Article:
Why is the current weather a perfect storm for the winter bees?
The current cold spell is hitting the winter bees with a perfect storm of hardship. There are three major reasons this is bad timing for them.
- They have survived the winter so far by clustering and using up their stores of honey. This includes their internal stores of nutrients, called fat bodies. At this stage all these stores are getting low.
- They have started taking in pollen in the last week or so. The means the queen has started laying again. The colony will have been raising the brood nest temperature by 15 degree C and will be feeding the young larvae. This is quickly using up their remaining stores of honey and consume precious internal resources.
- The number of larvae in the colony may well exceed the number of workers trying to keep them warm. This is normal at this time of year. It is a calculated risk the colony takes to produce the first brood of the season as early as it can.
Then they hit a cold snap of minus 4 degree C, with snow. This might have been dealt with by the bees in the middle of winter by clustering tightly and sitting it out. Once resources are committed to brood rearing the consequences are more severe.
How might the winter bees react to this spell of cold weather ?
In response the winter bee colony may form a smaller cluster to keep warm. As a result some brood may be become “chilled brood” and the cluster may become out of contact with its stores, creating “isolation starvation”. The colony will have put a great deal of resources into this first batch of brood. If this fails they can not get these resources back. There may be more dead bees to deal with and entrances may become blocked.
What can I do to help the winter bee colony survive ?
It is a bad time to disturb them while the snow is on the hives and they are trying to keep as warm as possible. My priority is to be ready to make sure they are not starving as soon as I can safely check on their stores. There is not a great deal more I can do for my colonies, at this stage, to get through natures toughest of survival tests. They will be dependent on their own resilience to these conditions and my preparations for them going into the winter. My key aims for winter preparation were to ensure the colony.
- Had enough stores to last the winter and early spring.
- Would be kept dry.
- Was insulated to keep heat in.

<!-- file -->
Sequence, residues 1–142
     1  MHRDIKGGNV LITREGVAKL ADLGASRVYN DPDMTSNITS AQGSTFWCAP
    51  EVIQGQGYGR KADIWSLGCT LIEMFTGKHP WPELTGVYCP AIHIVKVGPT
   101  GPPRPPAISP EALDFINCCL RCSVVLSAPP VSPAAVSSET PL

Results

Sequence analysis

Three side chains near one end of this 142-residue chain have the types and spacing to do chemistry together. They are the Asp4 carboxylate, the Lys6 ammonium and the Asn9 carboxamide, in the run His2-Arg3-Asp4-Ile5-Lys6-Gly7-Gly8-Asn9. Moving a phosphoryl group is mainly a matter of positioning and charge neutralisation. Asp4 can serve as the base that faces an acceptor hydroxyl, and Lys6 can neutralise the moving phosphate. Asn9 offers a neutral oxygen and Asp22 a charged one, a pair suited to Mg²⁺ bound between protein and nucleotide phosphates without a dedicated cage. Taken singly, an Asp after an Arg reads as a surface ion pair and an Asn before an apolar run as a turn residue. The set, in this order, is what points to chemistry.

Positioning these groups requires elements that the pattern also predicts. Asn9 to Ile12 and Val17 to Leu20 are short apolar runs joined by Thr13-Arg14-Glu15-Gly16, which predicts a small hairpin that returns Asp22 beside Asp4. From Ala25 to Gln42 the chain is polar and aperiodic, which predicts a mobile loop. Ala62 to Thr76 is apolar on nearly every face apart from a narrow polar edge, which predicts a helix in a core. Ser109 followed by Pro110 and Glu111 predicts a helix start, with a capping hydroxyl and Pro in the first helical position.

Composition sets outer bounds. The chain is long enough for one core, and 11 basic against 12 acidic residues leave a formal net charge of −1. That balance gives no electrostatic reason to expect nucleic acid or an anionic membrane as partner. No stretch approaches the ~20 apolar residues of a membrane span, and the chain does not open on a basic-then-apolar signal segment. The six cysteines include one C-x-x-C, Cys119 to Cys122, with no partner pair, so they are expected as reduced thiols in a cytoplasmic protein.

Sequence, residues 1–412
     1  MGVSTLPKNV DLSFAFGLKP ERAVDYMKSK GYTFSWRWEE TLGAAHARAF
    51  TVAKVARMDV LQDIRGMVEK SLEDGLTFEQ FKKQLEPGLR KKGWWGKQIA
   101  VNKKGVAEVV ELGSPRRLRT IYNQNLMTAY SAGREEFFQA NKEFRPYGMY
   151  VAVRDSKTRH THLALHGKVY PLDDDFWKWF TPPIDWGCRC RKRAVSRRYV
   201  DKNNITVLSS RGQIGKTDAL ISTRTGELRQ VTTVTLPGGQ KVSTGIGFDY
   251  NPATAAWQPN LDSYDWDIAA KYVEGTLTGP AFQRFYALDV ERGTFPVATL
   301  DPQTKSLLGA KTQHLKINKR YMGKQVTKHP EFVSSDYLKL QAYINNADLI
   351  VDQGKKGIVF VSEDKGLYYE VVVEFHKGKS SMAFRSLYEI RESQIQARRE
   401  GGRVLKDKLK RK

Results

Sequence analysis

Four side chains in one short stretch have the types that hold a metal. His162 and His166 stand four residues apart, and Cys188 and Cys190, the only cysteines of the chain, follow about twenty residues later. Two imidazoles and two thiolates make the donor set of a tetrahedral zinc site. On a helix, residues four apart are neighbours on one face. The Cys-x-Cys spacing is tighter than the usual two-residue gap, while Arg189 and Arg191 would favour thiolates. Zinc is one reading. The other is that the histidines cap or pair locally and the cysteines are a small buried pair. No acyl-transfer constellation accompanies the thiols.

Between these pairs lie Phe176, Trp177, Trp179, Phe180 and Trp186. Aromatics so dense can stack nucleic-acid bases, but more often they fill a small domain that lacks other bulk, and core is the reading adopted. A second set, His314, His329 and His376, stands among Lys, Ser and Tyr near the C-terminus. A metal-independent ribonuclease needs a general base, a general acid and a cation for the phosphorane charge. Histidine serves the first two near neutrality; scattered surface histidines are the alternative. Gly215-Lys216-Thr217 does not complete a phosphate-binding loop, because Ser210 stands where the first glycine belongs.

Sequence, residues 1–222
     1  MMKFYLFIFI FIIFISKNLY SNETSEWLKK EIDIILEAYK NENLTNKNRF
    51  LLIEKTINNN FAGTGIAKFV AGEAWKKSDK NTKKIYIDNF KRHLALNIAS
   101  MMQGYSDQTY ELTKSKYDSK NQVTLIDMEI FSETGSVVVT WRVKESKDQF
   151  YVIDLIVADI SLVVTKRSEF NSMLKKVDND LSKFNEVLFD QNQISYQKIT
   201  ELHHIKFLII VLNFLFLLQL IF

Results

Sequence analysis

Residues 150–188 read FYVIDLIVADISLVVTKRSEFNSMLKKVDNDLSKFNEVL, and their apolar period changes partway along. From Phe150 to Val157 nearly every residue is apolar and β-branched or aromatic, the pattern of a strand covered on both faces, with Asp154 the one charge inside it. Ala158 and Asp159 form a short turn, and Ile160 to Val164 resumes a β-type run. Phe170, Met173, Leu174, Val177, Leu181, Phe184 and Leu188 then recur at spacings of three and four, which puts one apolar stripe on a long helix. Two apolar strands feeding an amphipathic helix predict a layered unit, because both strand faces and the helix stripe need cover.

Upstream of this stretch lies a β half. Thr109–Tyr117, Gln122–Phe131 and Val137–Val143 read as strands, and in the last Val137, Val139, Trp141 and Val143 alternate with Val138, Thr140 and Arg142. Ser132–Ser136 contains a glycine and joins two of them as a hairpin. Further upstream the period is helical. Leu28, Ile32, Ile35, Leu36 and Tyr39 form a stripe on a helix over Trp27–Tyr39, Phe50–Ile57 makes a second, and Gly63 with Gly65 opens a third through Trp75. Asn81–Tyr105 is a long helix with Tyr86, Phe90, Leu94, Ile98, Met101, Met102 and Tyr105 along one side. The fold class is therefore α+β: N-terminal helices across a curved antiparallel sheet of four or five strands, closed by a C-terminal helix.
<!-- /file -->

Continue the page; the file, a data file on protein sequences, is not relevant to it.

- Had adequate ventilation.
- To be free of pests and disease.
The preparations I carried out in the autumn were.
- Feeding with strong sugar syrup (60:40) solution, including the addition of Thymol. This was added to prevent mould growth in the syrup. Beebase has a useful guide on feeding which includes using Thymol addition.
- Hives were fitted with perspex crown boards, bubble wrapped and two layers of 12mm foam underlay. The foam underlay was fitted under the roofs in a 25mm eke. Entrances were reduced to 25mm x 6mm.
- Oxalic dripping treatment at the turn of the year, on a day that reached 10 Degree C.
- Fondant was added, directly above the cluster, in each hive during February.
What can I feed my winter bees to stimulate them in spring ?
As the bad weather clears I will be making up some 50:50 sugar syrup solution to give them at the earliest opportunity. The thinking behind this is to stimulate the surviving winter bees into the spring of 2018 by giving them a source of energy to do the work of raising the temperature of the brood nest and foraging for pollen. Snow drops and gorse are a good source of pollen in rural Northumberland at this time of year.
Many beekeepers, particularly in areas with little forage for the bees at this time of year, advocate the use of a pollen supplement or substitute. This is commercially available under a few different brand names from people like Thornes and Paynes Bee Supplies. Again, beebase has some guidance on a recipe for this for making your own. In Yates’ revision notes for BBKA module 5,6,7,8 book, they describe a recipe.
- three parts fat free soya flour.
- one part brewers yeast.
- mixed with 2:1 sugar syrup.
- made into a patties and put into plastic bags.
I have not tried this out, mainly due to difficulty finding fat free soya flour in less than industrial quantities but also feedback from two different commercial bee farmers, at different ends of the UK, that their experience is that the bees do not appear interested in it.
Keeping warm and well fed
All the best for your winter bees, I hope they do OK in these harsh conditions and standby with the feed. As for winter beekeepers, its time for hot chocolate and big coats.